Wednesday, May 11, 2016

As Credit Tightens, Entrepreneurs and Dealmakers Turn to Non-Traditional Lenders

After what occurred in 2000 and 2008, one should have expected banks and other common lenders to become more regulated and scrutinized. Though this may have created some inconveniences for some firms, it helped open the door for others. Banks have established more rigorous qualifications for companies to be given financing, and capital constraints and shareholder activism are becoming more influential when it comes to publicly traded business development companies (BDC). For middle markets in particular, this has allowed alternative lenders to emerge and acquire more market share than would otherwise have been possible, because of the vast amount of competitors.

“Banks have established more rigorous qualifications for companies…”

With public perception of banks still relatively low and regulators keeping a close watch, it is not difficult to see why banks want to keep a low profile and not conduct any business that may raise a red flag. In 2015, 25% of middle market loan transactions featured deals of more than 6x EBITDA; an example given by regulators as a possible red flag. It is why most traditional bank lenders are currently staying away from making leveraged loans deals on private equity firm deals.

Similarly, BDC’s are also currently sourcing fewer deals. They are currently facing difficulties in raising capital, because as of March, most were trading below book value. This has prevented many from issuing new equity for funding. Without cash to fund new transactions, the only alternative would be to fund from repayment on existing loans.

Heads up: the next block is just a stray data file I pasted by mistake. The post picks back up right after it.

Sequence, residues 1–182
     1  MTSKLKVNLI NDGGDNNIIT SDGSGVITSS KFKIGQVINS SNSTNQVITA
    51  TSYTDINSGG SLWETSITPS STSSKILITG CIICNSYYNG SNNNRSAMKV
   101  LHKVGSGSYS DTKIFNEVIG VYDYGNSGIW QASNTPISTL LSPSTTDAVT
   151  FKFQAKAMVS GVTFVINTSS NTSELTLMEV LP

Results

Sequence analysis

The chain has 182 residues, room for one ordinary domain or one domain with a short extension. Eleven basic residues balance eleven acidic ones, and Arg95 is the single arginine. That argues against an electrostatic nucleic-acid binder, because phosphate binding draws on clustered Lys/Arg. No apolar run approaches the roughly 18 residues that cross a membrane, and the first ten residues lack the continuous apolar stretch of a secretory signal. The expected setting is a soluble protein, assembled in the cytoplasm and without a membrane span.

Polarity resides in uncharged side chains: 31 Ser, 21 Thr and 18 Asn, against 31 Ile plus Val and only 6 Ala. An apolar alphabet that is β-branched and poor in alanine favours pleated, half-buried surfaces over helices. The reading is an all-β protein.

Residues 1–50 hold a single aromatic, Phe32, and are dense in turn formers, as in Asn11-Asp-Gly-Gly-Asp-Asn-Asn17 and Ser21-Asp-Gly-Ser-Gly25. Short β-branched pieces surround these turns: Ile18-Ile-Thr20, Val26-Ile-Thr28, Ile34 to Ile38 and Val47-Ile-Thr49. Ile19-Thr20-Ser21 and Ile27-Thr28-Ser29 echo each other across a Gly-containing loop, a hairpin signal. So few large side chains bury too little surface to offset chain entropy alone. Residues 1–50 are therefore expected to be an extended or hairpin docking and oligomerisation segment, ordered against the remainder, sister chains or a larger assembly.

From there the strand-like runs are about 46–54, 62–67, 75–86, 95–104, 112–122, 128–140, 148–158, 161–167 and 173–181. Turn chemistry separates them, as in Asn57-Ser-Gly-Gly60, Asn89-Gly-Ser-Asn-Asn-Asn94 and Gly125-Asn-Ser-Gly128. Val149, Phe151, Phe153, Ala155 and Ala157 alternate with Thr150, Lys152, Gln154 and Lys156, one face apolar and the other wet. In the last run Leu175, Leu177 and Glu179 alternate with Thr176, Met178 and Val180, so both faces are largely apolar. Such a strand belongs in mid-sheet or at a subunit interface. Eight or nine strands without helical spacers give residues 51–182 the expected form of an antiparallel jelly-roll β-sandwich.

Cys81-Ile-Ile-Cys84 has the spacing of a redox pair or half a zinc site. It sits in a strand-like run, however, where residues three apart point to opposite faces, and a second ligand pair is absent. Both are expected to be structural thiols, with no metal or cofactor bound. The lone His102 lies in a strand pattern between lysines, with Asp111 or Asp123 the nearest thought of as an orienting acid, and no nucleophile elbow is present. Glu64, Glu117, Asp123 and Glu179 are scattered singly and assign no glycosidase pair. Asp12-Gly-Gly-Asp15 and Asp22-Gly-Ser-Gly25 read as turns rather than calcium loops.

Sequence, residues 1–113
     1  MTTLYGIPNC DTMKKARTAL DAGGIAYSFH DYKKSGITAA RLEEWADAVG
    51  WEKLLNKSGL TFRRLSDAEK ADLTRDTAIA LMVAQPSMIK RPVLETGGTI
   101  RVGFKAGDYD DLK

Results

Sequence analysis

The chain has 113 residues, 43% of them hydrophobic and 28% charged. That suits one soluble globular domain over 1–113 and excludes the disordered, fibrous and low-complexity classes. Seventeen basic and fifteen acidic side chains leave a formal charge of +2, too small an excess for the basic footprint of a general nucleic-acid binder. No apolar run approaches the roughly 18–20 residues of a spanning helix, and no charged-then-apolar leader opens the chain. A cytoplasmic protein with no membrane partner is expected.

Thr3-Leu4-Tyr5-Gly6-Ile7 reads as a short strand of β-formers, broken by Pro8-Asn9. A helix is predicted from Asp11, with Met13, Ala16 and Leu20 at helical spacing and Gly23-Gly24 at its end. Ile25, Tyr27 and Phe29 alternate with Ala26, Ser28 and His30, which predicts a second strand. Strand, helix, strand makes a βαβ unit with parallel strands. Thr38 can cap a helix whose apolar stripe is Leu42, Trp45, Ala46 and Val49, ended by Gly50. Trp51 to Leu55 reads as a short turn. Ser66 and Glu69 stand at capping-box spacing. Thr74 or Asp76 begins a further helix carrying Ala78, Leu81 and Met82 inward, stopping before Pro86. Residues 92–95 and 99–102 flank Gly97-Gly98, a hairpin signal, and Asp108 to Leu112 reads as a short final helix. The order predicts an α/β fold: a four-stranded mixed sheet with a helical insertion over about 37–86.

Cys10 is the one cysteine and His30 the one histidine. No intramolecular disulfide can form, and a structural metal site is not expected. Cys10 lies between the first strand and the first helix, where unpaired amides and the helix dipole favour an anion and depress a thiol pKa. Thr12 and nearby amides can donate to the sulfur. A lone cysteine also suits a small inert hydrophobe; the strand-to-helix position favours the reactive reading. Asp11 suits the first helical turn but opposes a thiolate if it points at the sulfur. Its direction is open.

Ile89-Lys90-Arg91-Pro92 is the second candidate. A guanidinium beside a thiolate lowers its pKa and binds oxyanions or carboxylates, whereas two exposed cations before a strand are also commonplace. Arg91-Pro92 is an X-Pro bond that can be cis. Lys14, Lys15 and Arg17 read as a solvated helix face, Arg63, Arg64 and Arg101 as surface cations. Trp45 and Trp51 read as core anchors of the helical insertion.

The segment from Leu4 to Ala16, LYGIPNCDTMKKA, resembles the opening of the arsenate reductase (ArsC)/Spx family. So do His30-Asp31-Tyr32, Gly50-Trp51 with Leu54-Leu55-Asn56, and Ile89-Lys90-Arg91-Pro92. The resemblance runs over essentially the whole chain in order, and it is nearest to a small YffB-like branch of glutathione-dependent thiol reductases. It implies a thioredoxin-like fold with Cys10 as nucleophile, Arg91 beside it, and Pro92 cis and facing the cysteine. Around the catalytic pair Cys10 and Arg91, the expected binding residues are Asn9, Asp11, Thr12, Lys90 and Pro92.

Collateralized loan obligation (CLO) issuances are on the decline. About $4 billion in CLOs were priced for what was most of the first quarter, a harsh decline from almost $17 billion during the same time period just last year. During 2013-2015, the CLO market grew by more than 50%. However, the market has decreased by about 50% during the past year. Additionally, under the Volcker Rule which is set to take effect at the end of 2016, managers will be required to hold 5% of their CLOs. Though many managers are attempting to adapt and others are selling off their CLOs, it remains to be seen how the rest of the market reacts.

Finally, we come to the benefactors. Alternative lenders are currently taking advantage of the current state of the lending market with great vigor. A great advantage they have is being able to act quickly and with much flexibility. This is possible, because most are either non-regulated or regulated far less than traditional lenders. These alternative lenders are beginning to develop close relationships with private equity firms for these particular reasons, which helps PE firms acquire financing for deals, and as a result fund the investments in their portfolios. Small Business Investment Company (SBIC) funds are also benefiting from the current state of the financing landscape, especially considering the two new regulatory changes made at the end of last year; reduced registration requirements by advisors and the amount of capital an SBIC can control has been raised to $350 million from $225 million.

Though the availability of attaining financing has become more difficult, not all have been affected negatively. The financing landscape will improve, but in the short-term, in its current state, we should expect alternative lenders to become more prominent players in the space.


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